“Be wise today, so you don’t cry tomorrow.”
― E.A. Bucchianeri
Back to Centre
After a long day of sightseeing, I ended up waking up late. Still, I was going to make the last few hours in Brussels count. I needed at least one more serving of frites, some chocolate, and a real Belgian waffle. I couldn’t stop thinking about seafood, and I still needed to send out postcards. This time, however, I didn’t take the scenic walk to Zuidstation. Instead, I walked towards Fritterie Fontainas and took the metro at Porte de Hal (Hallespoort) to Centre. This time I get off at De Brouckère. As I’m wondering around desperately searching for the BPost, I come across a boulevard full of life with hints of a city throughout. I’m amazed at the difference between a three city block radius.
With the postcards I had purchased the day before, I walk into the BPost expecting the same kind of fuckery I endured at La Poste Française; however, the Belgians got it right. The machines were easy to understand, and I was able to purchase multiple stamps in one transaction. Simple enough, right? A nearby park bench worked as a makeshift desk where I ended up covered smoke from two human chimneys. Snapping pictures along the way, I went searching for Noordzee.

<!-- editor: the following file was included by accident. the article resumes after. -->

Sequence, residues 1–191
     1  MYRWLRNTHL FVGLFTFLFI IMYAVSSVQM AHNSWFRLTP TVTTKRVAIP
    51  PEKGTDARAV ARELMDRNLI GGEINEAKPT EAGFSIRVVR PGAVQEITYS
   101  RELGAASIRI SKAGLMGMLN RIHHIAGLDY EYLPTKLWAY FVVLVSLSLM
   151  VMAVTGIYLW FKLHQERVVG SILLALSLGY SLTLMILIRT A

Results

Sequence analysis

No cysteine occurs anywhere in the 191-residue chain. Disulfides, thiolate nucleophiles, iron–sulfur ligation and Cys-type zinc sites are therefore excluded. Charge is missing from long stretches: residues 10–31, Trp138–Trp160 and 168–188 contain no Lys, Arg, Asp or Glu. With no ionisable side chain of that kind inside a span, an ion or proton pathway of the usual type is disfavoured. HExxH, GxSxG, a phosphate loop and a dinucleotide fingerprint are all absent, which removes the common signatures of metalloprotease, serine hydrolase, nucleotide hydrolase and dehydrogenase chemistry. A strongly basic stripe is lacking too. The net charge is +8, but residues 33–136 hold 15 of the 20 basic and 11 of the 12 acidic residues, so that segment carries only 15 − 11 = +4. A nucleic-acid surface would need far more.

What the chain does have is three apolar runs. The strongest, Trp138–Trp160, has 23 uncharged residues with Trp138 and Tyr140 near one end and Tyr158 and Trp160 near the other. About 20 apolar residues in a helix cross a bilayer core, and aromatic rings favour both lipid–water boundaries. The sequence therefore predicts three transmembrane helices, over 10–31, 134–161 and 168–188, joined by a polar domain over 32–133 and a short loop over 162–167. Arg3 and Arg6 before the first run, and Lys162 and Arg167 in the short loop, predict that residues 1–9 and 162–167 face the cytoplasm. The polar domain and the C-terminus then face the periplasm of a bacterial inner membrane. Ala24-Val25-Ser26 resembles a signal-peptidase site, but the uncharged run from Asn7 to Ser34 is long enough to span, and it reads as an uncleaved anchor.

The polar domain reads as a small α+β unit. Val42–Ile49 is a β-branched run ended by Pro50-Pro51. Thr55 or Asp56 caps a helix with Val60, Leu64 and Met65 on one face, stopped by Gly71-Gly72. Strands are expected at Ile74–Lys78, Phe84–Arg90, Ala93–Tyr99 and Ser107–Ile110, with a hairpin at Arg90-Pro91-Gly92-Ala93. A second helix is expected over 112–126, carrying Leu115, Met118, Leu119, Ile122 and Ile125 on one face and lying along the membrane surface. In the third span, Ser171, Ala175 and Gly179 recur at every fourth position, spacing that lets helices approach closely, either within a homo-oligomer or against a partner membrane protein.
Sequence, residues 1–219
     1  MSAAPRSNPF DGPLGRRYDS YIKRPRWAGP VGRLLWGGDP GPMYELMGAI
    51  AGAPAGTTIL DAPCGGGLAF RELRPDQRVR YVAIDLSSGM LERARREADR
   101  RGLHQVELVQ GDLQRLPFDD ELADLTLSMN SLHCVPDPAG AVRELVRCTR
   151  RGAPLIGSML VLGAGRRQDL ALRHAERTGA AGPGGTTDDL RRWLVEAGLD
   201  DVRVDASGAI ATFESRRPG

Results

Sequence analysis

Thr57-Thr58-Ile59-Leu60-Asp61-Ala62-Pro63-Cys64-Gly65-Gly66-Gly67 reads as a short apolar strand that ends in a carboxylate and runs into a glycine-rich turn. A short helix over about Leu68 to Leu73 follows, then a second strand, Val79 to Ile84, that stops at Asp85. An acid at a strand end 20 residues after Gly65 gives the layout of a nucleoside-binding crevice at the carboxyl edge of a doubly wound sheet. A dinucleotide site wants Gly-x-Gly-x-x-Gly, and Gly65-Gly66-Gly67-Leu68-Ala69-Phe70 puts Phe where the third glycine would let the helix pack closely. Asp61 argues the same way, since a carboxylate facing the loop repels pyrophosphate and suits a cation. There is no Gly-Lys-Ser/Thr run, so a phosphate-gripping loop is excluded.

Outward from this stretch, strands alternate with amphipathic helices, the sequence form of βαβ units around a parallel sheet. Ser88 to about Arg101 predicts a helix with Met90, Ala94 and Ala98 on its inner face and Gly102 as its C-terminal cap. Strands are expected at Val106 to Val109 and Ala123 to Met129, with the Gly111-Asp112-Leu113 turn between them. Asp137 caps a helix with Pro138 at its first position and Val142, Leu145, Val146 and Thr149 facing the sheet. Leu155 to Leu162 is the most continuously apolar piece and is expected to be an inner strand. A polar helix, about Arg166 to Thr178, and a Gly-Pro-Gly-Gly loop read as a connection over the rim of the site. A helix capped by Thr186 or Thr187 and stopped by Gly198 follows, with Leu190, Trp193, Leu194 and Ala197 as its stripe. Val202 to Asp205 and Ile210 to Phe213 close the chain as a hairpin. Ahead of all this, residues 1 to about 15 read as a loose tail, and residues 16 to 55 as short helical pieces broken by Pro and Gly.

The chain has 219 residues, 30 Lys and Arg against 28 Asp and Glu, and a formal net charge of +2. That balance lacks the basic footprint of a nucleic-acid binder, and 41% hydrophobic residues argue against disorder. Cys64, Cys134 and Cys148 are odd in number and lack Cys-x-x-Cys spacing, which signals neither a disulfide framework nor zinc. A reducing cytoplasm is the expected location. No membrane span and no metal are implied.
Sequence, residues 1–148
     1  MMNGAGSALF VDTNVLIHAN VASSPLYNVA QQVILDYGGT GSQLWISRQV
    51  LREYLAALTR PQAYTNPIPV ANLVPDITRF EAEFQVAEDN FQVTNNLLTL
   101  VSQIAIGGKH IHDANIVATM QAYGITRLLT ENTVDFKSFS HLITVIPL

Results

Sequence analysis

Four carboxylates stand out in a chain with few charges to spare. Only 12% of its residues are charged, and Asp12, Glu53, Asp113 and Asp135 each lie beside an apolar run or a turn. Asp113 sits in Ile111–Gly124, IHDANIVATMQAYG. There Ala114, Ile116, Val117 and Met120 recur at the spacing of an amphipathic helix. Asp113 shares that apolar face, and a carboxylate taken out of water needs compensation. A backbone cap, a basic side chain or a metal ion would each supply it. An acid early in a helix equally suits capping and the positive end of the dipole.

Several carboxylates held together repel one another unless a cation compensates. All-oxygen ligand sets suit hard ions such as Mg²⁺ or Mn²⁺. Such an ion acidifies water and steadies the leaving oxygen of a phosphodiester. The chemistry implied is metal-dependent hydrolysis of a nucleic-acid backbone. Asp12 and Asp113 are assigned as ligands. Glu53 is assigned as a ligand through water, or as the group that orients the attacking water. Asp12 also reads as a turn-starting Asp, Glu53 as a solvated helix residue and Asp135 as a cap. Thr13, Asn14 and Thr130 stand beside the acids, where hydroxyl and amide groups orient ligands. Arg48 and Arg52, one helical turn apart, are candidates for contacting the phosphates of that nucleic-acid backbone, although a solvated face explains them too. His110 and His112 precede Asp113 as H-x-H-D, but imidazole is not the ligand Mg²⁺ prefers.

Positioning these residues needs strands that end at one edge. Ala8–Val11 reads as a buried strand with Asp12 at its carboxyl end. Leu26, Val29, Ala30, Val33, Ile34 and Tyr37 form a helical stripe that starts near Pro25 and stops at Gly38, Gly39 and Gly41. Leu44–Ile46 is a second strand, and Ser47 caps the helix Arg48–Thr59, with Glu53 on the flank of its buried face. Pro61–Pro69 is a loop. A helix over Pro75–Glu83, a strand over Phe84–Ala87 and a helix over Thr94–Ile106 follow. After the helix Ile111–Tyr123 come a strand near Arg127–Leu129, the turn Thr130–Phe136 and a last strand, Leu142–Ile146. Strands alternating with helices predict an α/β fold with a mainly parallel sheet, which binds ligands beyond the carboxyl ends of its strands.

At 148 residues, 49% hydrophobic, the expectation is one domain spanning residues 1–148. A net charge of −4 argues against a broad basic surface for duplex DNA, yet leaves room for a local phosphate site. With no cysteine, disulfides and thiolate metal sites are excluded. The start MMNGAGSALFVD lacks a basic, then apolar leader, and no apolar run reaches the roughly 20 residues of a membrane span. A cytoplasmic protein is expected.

“Are you KIDDING ME?!”, I said while staring at the shutters covering the windows locking all of that seafood goodness behind them. Unlike the day before, this place sticks out like a sore thumb because it’s the only place that is closed in the busy plaza. If I only had one regret up to this point during the trip, it was this one. I never turn down seafood for any reason, and so why did I start now? I left walking up towards Bourse in search of food, but I should have kept walking in the other direction, and I could have seen the Zinneke Pis. Frustrated with myself, I walked into a Carrefour Express to buy a broodje, some juice, quinoa salad, and water. I take one look good around and decide it’s time to head out to Ixelles.
From the Bethleem tram stop in Saint-Gilles, the 81 (Montgomery) is a straight shot to Flagey. I could have taken the tram at Zuidstation, but I wanted to drop by the apartment before continuing my trip. Google Maps is your friend so use it! I was able to track my journey and knew which stop I was at each time the tram came to a halt. When the tram is full, and you can’t tell which direction is which, this comes in handy.
My stop drops me off right in front of the Flagey, a cultural center, and venue, but I’m more concerned with trying to get a seat along the banks of the pond so I can eat. Along the shoreline I see people jogging, others walking their pets, and the rest are plopped right on the banks taking in the sun, playing music, or having a picknick/pique-nique. My dogs are barking, and I soon join them. I’m feeling grateful for the opportunity to have the moment here and begin to meditate and exist.